Llewllyn said that objection, like others, is one “that the Advisory Council needs to take into consideration, and I think when we come up with a final draft of this policy, it will be after that issue has been debated and settled.”
Under the proposed restrictions, Llewllyn estimated that approximately 4,000 people would be eligible to seek allocations from 9,906 acres of Crown land remaining. With the proposed residential lot size of 1/4-acre, there would be sufficient land to “satisfy demand within this generation and have some provision for generations moving forward,” he said.
“Even though we have a lot of data, it’s difficult to say what the precise demand will be. That’s because some people may not be able to afford the discounted prices that will be offered for Crown land residential allocation.”
Residents also were upset that some past developments restricted beach access for residents. But Llewllyn said the policy calls for Crown land to be used for public recreation areas and beach access.
In 2005 the government approved a Crown land policy that required the quarterly or bi-annual publication in the gazette of all Crown land transactions. It also said that “areas of significant ecological or historic importance will not be allocated for development.”
However, the former government never made Crown land transaction information public, and Crown land was allocated for development in the Chalk Sound National Park and Pigeon Pond and Frenchman’s Creek Nature Reserve.
People questioned how a new policy was going to change anything if future governments choose to ignore policies and laws.
Llewllyn said the policy would only work if it was followed, and that the public had to hold the government accountable by scrutinizing future Crown land actions, which are now public.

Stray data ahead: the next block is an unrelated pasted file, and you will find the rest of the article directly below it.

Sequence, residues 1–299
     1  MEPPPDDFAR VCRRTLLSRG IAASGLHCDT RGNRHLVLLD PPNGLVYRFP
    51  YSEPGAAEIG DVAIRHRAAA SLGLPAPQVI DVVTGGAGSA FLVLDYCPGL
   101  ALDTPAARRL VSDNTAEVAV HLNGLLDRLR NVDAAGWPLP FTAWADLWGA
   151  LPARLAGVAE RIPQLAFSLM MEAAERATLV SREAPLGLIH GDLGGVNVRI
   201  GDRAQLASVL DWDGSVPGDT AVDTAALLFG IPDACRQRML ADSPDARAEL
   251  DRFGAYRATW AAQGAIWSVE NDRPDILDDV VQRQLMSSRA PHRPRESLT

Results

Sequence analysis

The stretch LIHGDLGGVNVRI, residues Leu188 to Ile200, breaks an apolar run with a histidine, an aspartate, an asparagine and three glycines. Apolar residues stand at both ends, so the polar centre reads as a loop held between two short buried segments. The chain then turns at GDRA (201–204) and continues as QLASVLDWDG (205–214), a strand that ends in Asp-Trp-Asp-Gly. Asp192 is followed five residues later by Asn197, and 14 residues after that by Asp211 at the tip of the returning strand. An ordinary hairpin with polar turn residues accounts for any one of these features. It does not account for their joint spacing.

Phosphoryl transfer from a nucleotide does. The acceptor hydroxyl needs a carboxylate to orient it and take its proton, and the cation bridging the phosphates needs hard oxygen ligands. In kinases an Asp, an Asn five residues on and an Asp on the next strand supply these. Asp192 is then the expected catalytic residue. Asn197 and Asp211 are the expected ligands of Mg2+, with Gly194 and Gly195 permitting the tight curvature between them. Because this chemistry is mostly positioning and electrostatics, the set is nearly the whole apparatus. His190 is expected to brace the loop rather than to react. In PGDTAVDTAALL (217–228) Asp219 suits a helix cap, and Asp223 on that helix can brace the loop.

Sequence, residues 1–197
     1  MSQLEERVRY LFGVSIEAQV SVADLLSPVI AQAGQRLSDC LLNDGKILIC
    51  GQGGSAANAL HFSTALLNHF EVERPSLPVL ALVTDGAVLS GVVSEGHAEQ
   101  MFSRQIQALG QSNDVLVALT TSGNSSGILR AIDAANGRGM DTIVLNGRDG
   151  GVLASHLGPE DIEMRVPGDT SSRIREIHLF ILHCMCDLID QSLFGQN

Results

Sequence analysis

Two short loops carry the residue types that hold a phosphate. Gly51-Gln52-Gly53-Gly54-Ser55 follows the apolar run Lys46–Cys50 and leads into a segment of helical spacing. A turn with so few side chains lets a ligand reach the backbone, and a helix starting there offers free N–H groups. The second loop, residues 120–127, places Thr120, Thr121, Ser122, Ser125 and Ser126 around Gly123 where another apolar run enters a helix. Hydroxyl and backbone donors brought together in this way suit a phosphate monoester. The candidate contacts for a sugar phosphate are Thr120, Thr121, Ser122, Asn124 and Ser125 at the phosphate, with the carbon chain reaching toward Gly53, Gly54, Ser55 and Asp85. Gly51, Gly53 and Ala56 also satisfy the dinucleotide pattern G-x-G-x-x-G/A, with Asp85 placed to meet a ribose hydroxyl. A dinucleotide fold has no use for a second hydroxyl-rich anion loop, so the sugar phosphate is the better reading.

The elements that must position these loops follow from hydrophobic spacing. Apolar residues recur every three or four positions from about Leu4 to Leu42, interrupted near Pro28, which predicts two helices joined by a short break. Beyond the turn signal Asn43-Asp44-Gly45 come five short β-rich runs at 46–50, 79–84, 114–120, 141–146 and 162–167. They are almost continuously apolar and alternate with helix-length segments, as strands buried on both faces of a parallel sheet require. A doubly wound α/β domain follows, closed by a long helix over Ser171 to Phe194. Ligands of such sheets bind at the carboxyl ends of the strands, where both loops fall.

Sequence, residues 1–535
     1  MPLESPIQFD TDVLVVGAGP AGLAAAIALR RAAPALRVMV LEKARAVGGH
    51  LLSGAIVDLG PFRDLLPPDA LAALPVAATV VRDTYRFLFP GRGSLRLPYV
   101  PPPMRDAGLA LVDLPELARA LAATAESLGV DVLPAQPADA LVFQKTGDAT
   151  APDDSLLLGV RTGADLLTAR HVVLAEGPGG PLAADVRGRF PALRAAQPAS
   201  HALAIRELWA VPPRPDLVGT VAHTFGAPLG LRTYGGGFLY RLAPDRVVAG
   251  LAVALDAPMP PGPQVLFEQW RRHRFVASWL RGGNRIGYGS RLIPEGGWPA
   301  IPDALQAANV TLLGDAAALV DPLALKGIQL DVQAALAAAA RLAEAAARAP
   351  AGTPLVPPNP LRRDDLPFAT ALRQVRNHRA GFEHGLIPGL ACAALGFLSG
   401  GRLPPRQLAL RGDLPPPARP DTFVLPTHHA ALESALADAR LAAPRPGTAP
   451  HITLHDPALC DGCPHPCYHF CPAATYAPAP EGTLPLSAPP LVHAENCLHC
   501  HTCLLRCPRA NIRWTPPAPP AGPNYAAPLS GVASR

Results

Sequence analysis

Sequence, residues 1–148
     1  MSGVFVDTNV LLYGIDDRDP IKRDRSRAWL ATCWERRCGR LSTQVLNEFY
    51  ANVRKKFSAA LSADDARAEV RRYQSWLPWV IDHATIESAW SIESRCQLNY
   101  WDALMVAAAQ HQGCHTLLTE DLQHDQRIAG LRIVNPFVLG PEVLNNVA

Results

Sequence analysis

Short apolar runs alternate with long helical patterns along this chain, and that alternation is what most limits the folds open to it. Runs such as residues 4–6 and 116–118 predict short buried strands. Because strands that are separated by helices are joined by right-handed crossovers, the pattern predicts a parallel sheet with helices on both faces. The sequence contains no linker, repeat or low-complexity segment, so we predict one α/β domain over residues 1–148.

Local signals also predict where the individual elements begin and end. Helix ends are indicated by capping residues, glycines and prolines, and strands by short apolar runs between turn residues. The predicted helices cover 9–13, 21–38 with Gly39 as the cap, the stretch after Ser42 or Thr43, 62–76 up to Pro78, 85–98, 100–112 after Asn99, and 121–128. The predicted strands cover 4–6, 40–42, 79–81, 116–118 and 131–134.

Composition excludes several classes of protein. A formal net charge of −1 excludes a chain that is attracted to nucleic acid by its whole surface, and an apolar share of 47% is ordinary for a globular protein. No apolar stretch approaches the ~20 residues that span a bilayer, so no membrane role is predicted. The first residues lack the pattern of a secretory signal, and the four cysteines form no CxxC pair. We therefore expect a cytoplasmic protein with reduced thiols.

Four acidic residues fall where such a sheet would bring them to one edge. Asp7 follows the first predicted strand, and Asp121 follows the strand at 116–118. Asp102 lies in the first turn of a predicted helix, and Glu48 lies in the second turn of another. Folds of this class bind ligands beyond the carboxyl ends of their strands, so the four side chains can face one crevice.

The policy’s core principles will be included in the Constitution, the policy will be written into law, and it will be overseen by the attorney general’s office, according to the draft policy. And ministers would be removed from the Crown land allocation process.
“The reason for that is past performance,” he said. “We’ve clearly seen that ministers of the day have actively interfered with the normal administration of Crown land.”
As an additional safeguard, the policy recommends that the governor appoint a Crown Land Advisory Panel to review allocations and policy. Membership will include community representatives, the governor’s office, the Crown Land Unit, the Survey and Mapping Department, the Planning Department, the Housing Department, Social Welfare and the Human Rights Commission.
Questions were raised about the completeness and accuracy of the Crown land registry. Llewllyn said most information was included, but that the Consultative Forum has requested another look at North Caicos, where current figures show that only 2 percent of Crown land is left.
“As part of public consultation, we’re happy to go back to those figures and to look at them again to make sure that we’re getting them right,” he said.
Llewllyn worked in Her Majesty’s Land Registry for more than 20 years before becoming an international consultant on land policy. This is his first work in the Caribbean, but he said the land issues don’t seem to vary much around the world.
Click HERE to read the complete draft policy.
For free Crown land maps and registers, go to www.tcilandinfo.tc.